The taking of evidence in international arbitration can be a critical step in many international arbitrations.
Parties, or the arbitral tribunal, have often made recourse to the International Bar Association Rules on Taking of Evidence in International Arbitration (“IBA Rules”), whether the parties made an express choice for them to apply or not.
The IBA Rules were originally adopted in 1983 as the IBA Supplementary Rules Governing the Presentation and Reception of Evidence in International Commercial Arbitration. The first version of this set of rules was then revised in 1999, and then again in 2010. The main objective of the IBA Rules is to fill the gap between all different legal systems’ rules on the taking of evidence, and more specifically the gap between the civil law system and the common law one.
The IBA Rules have, nevertheless, been subject to criticism by civil law members of the arbitration community, who see in them a form of dominance of common law procedures in the taking of evidence. These criticisms led to the emergence of the Inquisitorial Rules on the Taking of Evidence in International Arbitration, also known as the Prague Rules.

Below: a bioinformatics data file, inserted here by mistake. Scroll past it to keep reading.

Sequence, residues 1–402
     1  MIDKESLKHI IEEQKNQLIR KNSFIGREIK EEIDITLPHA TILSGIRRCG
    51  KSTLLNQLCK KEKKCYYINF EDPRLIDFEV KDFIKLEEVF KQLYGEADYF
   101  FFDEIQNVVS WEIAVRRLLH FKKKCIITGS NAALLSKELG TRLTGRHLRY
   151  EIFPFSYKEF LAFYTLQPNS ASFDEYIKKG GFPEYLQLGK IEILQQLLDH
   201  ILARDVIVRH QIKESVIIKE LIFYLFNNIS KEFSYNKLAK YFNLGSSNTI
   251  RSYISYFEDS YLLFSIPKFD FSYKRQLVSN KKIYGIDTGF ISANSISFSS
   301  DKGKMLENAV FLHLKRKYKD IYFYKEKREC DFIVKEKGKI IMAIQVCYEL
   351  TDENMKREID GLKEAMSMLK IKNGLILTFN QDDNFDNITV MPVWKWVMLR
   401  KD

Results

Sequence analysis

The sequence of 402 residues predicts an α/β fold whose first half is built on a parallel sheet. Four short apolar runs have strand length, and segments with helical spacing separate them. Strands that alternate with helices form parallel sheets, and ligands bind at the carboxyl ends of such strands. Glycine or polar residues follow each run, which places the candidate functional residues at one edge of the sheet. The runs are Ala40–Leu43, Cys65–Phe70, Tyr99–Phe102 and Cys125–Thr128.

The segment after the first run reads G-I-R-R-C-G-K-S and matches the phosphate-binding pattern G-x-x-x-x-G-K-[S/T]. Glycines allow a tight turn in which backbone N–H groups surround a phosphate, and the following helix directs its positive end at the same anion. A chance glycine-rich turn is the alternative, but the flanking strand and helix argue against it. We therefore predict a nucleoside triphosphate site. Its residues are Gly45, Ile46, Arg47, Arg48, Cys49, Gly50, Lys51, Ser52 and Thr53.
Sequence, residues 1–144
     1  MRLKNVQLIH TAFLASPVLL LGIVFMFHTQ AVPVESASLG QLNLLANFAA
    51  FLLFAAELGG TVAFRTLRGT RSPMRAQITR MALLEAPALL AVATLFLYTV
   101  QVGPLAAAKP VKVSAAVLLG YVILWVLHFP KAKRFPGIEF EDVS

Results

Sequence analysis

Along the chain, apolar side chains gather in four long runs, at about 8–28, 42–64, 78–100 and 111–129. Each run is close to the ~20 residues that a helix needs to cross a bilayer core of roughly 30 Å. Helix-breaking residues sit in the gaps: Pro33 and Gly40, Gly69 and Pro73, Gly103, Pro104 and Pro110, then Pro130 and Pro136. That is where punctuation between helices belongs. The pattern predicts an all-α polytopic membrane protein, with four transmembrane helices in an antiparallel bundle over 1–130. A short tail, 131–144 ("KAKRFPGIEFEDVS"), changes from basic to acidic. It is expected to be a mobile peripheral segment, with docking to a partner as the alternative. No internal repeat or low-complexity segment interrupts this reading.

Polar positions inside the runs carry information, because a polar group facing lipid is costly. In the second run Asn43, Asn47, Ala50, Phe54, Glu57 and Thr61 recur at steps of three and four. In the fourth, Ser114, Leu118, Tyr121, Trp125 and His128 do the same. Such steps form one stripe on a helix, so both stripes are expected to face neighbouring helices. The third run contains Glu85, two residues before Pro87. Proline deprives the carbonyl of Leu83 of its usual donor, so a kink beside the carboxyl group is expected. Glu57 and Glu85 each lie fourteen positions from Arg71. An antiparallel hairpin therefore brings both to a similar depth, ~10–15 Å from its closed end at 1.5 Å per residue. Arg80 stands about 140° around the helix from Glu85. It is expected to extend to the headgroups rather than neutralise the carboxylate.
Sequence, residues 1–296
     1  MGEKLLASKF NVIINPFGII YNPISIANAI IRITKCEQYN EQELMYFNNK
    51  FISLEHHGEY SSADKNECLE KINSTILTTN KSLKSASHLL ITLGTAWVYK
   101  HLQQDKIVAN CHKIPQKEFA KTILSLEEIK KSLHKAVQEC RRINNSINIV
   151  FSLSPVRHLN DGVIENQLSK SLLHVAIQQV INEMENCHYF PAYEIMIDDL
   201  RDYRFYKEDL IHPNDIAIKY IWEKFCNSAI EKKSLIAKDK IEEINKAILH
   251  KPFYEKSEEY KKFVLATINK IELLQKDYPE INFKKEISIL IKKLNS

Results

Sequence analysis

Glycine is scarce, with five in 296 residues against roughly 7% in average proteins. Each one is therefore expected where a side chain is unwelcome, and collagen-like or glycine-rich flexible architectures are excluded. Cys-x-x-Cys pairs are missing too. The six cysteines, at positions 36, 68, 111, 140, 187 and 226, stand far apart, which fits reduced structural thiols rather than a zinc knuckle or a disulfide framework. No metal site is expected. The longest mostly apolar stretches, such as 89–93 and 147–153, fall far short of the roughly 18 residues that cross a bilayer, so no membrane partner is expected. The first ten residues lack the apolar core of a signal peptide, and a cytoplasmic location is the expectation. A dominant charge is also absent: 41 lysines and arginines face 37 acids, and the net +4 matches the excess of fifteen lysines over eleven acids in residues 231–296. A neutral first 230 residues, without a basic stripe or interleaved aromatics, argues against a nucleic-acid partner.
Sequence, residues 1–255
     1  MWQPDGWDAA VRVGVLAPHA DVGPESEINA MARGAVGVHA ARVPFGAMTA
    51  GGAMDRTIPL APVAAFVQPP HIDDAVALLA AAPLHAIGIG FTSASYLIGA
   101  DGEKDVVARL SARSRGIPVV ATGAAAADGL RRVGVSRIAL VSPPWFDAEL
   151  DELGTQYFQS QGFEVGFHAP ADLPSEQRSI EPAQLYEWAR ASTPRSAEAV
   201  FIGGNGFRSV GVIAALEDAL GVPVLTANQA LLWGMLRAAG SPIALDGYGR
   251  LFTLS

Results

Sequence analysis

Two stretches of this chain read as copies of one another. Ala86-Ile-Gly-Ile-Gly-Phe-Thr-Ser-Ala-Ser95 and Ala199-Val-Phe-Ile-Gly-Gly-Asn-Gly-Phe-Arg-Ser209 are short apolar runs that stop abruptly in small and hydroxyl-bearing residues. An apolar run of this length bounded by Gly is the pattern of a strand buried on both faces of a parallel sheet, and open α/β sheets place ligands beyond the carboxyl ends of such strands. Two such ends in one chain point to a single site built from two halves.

The Prague Rules are a set of rules that are influenced by the civil law tradition and militate for an inquisitorial approach (contrary to an adversarial one that is defended by the common law system) in international arbitration. The drafters of the Prague Rules are convinced that they will contribute to the efficiency in international arbitration, as well as to reduce the time and costs of arbitration.
The Inquisitorial Approach of the Prague Rules
Contrary to the adversarial approach, the inquisitorial one militates for a proactive role of the arbitral tribunal. In other words, it rests on the distribution of burdens and powers between parties and the arbitral tribunal. Under this approach, the arbitral tribunal will take part in the fact-finding procedure, hence its proactive role. In the adversarial approach, the fact-finding procedure is handled by the parties. The arbitral tribunal has only the duty to preside over the procedure and to rule over the dispute, hence a more passive role.
That said, the Prague Rules do not focus merely on the taking of evidence. Many provisions are linked to different topics: holding a case management conference by electronic communication, limiting the number of submissions or their length, amicable settlement, etc.
These other provisions may be useful in ad hoc arbitrations, but are unlikely to be useful in institutional ones, since most institutional rules already address such issues.
Sanam Pouyan, Aceris Law LLC